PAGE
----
Boyle parents want good child care — but can they afford it?

Published 6:02 am Friday, May 11, 2018

A majority of Boyle County parents across racial, social and cultural lines want high-quality early childhood education, according to a recent Centre College survey.

But after the results were presented to a group of early childhood educators and those with a vested interest in child care, several people insisted the biggest problem is that such care is not affordable and financial assistance is difficult to obtain.

Following the formal presentation of the survey results and discussions of how information could be easily shared with parents who don’t know what the local early childcare/education options are available, Susan Weston, who was attending the meeting spoke up.

Email newsletter signup

“There are no circumstances under which this economy will produce child care at the price the customers can afford. The supply curve and the demand curve will never meet. This information is important. It’s useful. There’s a really big piece here that cannot be solved by helping parents find out more about what they can’t afford.”

Centre College professor Dr. Ellen Prusinski, who helped the students form the project, said however, “a lot of us kind of assumed the cost was going to be a huge barrier,” but that’s not the data the survey showed.

“I 100 percent agree. Some families are not able to access the care that they want. I’m not sure it’s as widespread of a problem as you may assume.”

Prusinski said the survey results showed the cost barrier isn’t as high as many people expected.

However, another audience member disagreed. “I think it’s a humongous barrier … They can’t get to a job; they can’t afford daycare so they can’t get a  job.”

Prusinski said if another needs assessment is done in this community, income level questions need to be asked.

Alethea Price, chair of the Community Early Childhood Council, said when that group restructured and started up again, it felt a needs assessment should be done. So they partnered with Dr. Ellen Prusinski from Centre College and her students to formulate and administer the survey, which was used to help the organization get feedback on what the community wants in early childhood education in Boyle County.

Centre College students Holly Couch, Stacy Crescencio and Olivia Schadler, along with Prusinski, presented the key findings of their “Early Childhood Education Community Needs Assessment” Thursday morning, during a meeting held at the Cooperative Extension Office.

Prusinski said in discussing the results, surveyors found that what families define as high quality early childhood education “is pretty complex. Sometimes we have an assumption that one size fits all families, all cultures.”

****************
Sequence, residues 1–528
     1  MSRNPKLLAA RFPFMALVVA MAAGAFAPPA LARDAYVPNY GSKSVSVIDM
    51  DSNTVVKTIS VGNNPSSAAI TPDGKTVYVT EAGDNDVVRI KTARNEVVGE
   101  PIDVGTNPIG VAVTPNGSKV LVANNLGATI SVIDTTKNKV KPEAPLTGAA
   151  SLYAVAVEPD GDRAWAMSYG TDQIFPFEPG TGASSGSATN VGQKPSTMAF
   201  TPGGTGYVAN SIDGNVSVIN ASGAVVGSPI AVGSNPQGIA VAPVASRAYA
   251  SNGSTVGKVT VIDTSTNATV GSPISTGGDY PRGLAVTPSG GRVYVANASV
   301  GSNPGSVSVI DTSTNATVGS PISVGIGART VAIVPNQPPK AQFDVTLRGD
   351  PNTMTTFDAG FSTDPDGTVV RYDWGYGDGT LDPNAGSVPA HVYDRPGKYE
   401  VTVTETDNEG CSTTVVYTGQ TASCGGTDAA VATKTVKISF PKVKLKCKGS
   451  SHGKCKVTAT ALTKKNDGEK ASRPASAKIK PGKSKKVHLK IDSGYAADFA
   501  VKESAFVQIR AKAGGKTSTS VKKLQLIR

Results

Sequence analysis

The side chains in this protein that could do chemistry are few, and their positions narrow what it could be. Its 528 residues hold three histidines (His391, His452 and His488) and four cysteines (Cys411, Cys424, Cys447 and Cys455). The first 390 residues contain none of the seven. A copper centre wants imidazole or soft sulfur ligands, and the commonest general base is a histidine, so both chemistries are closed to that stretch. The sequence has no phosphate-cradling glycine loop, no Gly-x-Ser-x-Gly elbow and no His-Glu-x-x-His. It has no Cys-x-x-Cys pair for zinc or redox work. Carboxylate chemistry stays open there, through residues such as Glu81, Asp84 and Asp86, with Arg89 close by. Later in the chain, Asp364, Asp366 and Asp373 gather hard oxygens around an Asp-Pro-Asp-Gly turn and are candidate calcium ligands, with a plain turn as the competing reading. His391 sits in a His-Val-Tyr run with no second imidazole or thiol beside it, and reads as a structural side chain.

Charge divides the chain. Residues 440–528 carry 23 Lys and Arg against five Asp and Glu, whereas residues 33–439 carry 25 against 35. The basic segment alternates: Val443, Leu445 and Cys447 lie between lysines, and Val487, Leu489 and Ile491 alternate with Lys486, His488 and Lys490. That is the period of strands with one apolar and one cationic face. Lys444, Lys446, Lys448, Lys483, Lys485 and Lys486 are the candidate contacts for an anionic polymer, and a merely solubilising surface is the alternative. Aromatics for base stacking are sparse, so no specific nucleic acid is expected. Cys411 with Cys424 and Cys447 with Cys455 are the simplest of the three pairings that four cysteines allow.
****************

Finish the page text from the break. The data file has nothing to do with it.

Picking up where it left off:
She said the survey showed there were similarities across racial groups and education levels that parents thought a strong focus on social and reading skills were important for young children. But some families think having flexible scheduling was important too.

The survey, “Indicates people do want more than just a place to send their kid,” Prusinski said. “They want something that’s really going to develop that child.”

A powerpoint presentation given by the three Centre students, showed 56.5 percent of Boyle County children were ready to attend kindergarten while 37.1 percent were ready in the Danville Independent School District.

The surveys were available in English and Spanish and took about five minutes for the respondents to complete. They were distributed door-to-door in neighborhoods, at the library, at grocery stores, through early childhood education schools such as HeadStart and Wilderness Trace and within the Danville and Boyle County school systems.

According to the survey presentation, 465 surveys were collected from 259 families with a total of 369 children. This represents about 22.4 percent of the estimated 1,651 children under the age of 5 in Boyle County.

Key findings include:

• Most survey respondents said nothing prevented them from accessing early childhood education for their children. However, several indicated they didn’t know what options were available or who to contact about options. Others said things that prevented them from accessing early childhood education for their child included being on a waiting list for child care, not having reliable transportation, that childcare/education options were too far away; and there were no options available in the respondents’ language (Spanish).

• The vast majority — 84 percent — of respondents with children under age 5 said early childhood education was very important or important; 12.5 percent said it was somewhat important and 1.17 percent each said it was not important or not at all important.

• The majority of survey respondents want to see more high-quality, low-cost options for early childhood education, as well as more full-day programs and supplemental programs such as library programs.

In closing, Prusinski said the project started before A Children’s Place — Boyle County’s largest child care provider — announced it was closing. She thinks that development changed the tone of survey answers.

Prusinski said when the survey was developed, they didn’t ask income questions “because it didn’t seem that relevant. The closure announcement sort of brought some questions about cost up.”

Prusinski suggested the community could continue the survey so more responses could be gathered.

She also suggested a similar survey could be given to child care providers, to see if the families’ and the providers’ needs were in alignment.

Prusinski added it would be interesting to survey other stakeholders and major employers in the community to see what they think their roles are in early childhood education or child care.